Stop whatever you’re doing, put down your controller, tear your attention away from your game immediately and listen up. Whatever half-baked game you’re currently looking forward to, such as Black Ops 2, Resident Evil 6 (they’re still making these? Some people really don’t know when to stop), Tomb Raider or whatever else, forget about it. Because in November of this year, the greatest game ever made will become available in glorious HD – Okami.
Wait there just a second. Before you lose interest completely, I’m completely aware that most people will have never heard of this game before, not when it was originally released in 2006 on the PS2, not when it was re-released on the Wii in 2010, and certainly not for this upcoming re-re-released version either. It suffered bad sales, I know that, and I can tell you that that’s an injustice, to say the least.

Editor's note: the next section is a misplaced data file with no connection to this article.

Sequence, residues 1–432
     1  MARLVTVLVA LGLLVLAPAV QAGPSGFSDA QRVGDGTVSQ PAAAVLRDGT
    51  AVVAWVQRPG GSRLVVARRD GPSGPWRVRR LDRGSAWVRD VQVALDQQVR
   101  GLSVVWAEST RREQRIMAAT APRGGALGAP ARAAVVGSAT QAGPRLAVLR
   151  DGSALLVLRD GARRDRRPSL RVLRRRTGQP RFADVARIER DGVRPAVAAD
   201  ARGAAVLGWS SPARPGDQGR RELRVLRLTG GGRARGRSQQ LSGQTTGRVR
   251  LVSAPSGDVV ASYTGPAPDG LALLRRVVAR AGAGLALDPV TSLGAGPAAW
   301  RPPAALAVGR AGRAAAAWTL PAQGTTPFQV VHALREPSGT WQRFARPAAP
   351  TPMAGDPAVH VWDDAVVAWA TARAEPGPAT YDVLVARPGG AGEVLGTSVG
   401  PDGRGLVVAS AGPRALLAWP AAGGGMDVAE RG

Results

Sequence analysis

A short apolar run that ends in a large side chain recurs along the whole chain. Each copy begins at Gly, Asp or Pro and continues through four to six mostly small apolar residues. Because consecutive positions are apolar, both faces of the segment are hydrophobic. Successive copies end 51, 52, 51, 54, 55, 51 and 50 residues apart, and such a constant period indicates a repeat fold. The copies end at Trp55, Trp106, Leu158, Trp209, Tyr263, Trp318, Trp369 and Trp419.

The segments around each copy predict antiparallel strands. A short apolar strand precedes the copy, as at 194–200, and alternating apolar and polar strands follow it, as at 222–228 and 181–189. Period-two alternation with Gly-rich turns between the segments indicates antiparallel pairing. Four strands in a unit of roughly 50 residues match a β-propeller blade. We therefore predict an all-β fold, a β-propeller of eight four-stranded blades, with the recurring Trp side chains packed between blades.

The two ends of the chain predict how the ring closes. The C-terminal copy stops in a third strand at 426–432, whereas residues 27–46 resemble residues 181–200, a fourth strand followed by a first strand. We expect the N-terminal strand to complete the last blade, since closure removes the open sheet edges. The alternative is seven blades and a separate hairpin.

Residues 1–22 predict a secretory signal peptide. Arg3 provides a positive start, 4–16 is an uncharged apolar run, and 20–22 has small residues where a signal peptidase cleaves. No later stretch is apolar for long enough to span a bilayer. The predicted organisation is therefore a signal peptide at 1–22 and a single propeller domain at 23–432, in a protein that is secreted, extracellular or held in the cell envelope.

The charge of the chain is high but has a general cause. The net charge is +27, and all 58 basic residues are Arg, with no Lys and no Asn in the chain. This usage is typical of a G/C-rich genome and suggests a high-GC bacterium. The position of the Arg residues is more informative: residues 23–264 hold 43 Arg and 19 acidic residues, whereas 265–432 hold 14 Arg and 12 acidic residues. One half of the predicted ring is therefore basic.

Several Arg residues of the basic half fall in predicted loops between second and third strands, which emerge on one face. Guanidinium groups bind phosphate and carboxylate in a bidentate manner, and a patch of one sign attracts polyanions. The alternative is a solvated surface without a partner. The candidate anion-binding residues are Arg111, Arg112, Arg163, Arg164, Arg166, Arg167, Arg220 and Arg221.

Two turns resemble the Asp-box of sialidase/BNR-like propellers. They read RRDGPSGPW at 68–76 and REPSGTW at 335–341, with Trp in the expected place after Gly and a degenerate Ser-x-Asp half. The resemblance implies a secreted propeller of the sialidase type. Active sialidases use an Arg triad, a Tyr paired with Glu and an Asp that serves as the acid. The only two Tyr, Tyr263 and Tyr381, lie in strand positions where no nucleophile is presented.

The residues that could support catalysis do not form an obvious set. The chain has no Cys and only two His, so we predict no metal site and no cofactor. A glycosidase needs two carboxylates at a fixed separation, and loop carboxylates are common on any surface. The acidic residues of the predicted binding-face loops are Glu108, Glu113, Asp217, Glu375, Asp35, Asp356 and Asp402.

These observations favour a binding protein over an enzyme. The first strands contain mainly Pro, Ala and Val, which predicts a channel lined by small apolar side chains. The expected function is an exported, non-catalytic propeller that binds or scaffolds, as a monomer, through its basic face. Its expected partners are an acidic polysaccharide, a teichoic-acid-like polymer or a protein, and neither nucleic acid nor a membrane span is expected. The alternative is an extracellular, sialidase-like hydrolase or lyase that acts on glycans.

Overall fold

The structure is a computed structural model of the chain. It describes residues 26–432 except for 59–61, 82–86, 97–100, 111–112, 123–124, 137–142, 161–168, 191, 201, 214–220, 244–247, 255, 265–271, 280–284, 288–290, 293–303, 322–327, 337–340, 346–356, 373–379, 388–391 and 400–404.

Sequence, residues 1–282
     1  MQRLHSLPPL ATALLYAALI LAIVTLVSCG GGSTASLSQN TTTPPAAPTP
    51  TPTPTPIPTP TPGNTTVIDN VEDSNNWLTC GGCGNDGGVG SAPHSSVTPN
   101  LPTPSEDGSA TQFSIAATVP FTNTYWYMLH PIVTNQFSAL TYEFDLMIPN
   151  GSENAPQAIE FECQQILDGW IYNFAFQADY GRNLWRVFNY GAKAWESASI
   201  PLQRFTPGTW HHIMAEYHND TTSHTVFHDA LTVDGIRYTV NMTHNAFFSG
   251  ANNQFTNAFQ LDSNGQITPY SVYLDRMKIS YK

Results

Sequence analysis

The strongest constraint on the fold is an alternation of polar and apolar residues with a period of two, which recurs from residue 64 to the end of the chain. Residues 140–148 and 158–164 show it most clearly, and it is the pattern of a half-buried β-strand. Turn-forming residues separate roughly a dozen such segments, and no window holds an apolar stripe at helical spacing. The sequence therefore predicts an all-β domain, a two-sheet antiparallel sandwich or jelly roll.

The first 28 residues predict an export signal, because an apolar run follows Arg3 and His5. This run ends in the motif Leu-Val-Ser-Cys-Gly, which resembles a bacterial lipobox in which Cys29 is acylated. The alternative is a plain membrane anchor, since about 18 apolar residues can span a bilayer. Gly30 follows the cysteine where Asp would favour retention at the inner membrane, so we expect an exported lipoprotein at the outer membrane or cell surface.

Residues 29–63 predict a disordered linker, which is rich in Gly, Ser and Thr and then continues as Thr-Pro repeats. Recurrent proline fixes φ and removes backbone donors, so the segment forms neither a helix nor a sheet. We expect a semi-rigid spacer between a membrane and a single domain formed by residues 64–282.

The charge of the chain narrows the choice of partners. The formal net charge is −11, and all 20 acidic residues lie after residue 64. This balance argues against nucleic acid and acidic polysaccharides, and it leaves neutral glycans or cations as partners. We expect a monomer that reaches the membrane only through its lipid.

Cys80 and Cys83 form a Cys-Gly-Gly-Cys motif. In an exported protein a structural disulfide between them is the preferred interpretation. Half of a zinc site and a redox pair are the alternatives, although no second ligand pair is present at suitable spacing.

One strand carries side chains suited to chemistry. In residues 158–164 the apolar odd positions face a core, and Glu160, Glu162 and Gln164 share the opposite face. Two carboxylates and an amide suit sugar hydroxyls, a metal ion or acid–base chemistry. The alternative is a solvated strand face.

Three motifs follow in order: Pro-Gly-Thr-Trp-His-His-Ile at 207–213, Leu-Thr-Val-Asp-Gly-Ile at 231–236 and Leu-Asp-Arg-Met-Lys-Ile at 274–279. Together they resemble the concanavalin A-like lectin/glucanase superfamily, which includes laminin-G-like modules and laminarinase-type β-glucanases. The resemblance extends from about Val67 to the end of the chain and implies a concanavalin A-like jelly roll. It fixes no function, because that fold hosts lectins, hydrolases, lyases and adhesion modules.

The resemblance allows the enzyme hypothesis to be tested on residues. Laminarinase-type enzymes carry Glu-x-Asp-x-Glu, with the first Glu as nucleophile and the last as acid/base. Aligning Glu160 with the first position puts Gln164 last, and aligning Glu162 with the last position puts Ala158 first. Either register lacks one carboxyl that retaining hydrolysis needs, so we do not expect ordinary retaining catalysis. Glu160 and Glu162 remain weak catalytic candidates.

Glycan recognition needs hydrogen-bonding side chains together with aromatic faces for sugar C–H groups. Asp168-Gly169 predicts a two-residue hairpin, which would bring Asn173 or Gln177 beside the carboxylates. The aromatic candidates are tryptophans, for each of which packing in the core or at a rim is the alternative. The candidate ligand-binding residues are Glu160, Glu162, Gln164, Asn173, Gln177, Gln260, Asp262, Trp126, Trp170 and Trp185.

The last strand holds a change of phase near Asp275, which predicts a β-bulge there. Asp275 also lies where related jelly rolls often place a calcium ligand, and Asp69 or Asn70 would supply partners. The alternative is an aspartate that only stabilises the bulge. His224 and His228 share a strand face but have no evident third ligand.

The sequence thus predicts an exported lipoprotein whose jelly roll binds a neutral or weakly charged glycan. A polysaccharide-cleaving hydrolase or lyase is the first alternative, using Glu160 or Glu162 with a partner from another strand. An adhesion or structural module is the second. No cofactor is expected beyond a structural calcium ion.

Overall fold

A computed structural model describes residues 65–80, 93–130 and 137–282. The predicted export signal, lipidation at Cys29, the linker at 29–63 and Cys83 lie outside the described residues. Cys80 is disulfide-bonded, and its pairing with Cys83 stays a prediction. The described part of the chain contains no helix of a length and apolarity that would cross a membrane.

I distinctly remember reading about it in the PSO (PlayStation Official) magazine prior to it’s release. Never before have I seen such a fantastic positive review of a game (it received 10/10 in every category), and never have I since. I was immediately compelled, so as it was released just weeks after my birthday, I spent all of my money on it – and I wasn’t disappointed.
From the beautiful and captivating visuals to the epic and awe-inspiring soundtrack, it drew me in wholly and completely. From the addictive and immersive gameplay to the compelling and intriguing storytelling, my loyalty was assured, and all of my free time was invested into it. And between the unique game mechanics and the now all-to-rare polished feel to the game, it remains one of the most well made and fantastic gems of old-school gaming. Even now, I’ve rummaged out the original PS2 copy and I’m playing it through again, and I intend to play it through yet again when the HD version is released. It simply never gets old.
It’s hard to properly explain this game with words, so I’ll let the following video do the talking:
I urge any self-confessed hardcore gamer to play this wonderfully crafted masterpiece. It truly encapsulates what a game should be like, and demonstrates perfectly what happens when the time and effort is put into making the finished product to the highest standard. In fact, I’d urge any non-gamer to consider looking into it, even if for the storytelling alone.